Fairfax County supervisors are slated Sept. 13 to authorize a public hearing on Nov. 1 at 4 p.m. to discuss a spot-blight-abatement plan that would raze a dilapidated home in the Vienna area and recoup demolition expenses from the homeowner.
Neighboring residents since 2016 have complained about the poor condition of the house at 1724 Beulah Road.
The structure was built in 1959 as a one-story ranch house and has been vacant since 2016, when a previous owner was renovating it. The current owners bought the property in September 2020 from for $565,100. The county currently assesses the property at $592,020, including $497,000 for the land and $95,020 for the house.
The house has remained vacant and fallen into disrepair, county officials said. The property has been the site of illegal dumping and its rear door has been forced open and its window broken, they said.
The current owners applied for a permit Jan. 27 this year to make a second-story and garage additions and finish the basement, but have not finished the permit process and no work has begun. The owners have not responded to messages from the county’s Department of Code Compliance or addressed the blighted conditions identified in April by the county’s Neighborhood Enhancement Task Force.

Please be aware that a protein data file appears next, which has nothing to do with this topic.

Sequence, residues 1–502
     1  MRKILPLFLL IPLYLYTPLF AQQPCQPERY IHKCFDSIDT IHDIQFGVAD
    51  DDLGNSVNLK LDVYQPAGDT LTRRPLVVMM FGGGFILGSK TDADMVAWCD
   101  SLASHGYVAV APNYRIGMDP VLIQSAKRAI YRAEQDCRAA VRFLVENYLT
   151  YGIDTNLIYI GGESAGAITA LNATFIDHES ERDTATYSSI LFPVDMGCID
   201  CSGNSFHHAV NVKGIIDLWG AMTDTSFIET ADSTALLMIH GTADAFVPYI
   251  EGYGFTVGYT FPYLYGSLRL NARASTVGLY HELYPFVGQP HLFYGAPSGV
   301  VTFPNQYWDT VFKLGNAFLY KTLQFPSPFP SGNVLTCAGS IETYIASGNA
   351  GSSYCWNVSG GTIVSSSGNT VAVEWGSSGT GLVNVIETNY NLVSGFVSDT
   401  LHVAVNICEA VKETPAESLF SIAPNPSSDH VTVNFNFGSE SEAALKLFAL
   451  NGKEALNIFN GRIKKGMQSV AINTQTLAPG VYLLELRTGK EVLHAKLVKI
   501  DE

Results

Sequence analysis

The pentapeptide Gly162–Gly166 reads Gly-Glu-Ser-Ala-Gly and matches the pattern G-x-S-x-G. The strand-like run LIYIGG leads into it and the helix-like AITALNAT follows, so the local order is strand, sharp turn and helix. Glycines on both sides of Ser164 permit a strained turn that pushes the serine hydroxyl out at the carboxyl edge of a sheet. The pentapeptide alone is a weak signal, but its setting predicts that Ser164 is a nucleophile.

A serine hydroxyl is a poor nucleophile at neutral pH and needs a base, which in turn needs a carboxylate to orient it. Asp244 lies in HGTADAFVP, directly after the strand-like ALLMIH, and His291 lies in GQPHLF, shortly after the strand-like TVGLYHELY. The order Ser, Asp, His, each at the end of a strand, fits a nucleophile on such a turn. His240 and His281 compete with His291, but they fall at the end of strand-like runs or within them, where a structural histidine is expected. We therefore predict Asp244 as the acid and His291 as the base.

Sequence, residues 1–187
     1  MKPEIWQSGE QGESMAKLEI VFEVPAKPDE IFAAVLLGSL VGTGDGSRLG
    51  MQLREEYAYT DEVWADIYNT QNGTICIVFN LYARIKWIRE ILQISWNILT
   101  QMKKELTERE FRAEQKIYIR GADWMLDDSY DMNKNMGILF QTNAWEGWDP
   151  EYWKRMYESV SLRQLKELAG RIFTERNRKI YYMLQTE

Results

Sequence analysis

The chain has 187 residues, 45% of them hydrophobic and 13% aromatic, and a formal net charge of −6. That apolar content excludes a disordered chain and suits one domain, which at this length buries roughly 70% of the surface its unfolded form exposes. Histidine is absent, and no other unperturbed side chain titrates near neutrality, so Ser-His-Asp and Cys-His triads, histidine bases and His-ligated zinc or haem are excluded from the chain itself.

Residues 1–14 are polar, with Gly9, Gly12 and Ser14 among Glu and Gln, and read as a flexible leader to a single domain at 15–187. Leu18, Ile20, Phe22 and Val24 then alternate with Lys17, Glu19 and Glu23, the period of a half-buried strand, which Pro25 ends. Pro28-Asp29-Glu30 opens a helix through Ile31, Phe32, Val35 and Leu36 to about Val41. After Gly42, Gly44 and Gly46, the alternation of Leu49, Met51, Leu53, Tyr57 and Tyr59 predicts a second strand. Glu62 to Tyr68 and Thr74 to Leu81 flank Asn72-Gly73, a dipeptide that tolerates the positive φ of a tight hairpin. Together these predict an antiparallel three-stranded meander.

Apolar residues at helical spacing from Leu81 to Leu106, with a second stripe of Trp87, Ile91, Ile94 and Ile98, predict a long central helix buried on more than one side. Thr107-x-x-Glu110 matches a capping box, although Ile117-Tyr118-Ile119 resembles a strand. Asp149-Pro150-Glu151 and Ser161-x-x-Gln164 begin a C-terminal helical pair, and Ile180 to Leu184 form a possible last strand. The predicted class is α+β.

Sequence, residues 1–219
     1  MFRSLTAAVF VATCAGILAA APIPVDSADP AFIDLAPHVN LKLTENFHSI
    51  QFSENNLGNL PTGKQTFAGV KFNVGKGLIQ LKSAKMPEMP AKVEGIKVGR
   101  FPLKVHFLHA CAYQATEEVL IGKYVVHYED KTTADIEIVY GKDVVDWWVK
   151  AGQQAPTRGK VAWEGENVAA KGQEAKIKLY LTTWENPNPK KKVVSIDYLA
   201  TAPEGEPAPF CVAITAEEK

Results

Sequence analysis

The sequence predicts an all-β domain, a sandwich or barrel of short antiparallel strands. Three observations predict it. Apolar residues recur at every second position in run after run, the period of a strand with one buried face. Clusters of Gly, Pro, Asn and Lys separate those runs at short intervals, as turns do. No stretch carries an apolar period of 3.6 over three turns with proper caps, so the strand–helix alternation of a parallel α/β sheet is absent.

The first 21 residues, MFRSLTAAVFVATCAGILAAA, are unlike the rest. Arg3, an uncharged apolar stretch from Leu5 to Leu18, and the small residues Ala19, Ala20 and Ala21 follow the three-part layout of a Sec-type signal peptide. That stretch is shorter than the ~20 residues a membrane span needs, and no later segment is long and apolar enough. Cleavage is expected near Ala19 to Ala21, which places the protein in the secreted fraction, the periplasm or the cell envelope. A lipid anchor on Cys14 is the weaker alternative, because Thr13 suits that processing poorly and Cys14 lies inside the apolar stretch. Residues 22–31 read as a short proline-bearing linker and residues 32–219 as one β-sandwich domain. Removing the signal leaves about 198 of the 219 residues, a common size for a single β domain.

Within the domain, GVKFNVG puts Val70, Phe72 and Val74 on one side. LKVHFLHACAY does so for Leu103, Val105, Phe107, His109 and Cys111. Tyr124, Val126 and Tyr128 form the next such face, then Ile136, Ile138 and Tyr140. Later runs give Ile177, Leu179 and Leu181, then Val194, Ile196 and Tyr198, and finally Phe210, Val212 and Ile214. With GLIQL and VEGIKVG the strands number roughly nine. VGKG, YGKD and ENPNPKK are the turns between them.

State code allows localities to consider properties blighted if they endanger public health, safety or welfare by being dilapidated, deteriorated or in violation of minimal health and safety standards.
Localities may approve spot-blight-abatement plans if property owners do not remedy the offending conditions after reasonable notice and recover costs from the owners.
Staff with the county’s Blight Abatement Program have recommended that the house be demolished because it is deteriorating rapidly, and repairing it is not economically feasible.
The Vienna property isn’t the only one being targeted by county officials. Supervisors at the same meeting will consider Nov. 1 public hearings concerning spot-blight-abatement plans for properties at 6120 Hillview Ave. in Lee District and 12839 Lee Highway in Springfield District.
If supervisors on Nov. 1 adopt an ordinance declaring the property blighted, the property owners will have 30 days after being notified about the decision to fix the property’s blighted conditions. Failing that, the county then would demolish the house at an estimated cost of $60,000 and pursue reimbursement from the owners. Officials would place a lien on the property until paid.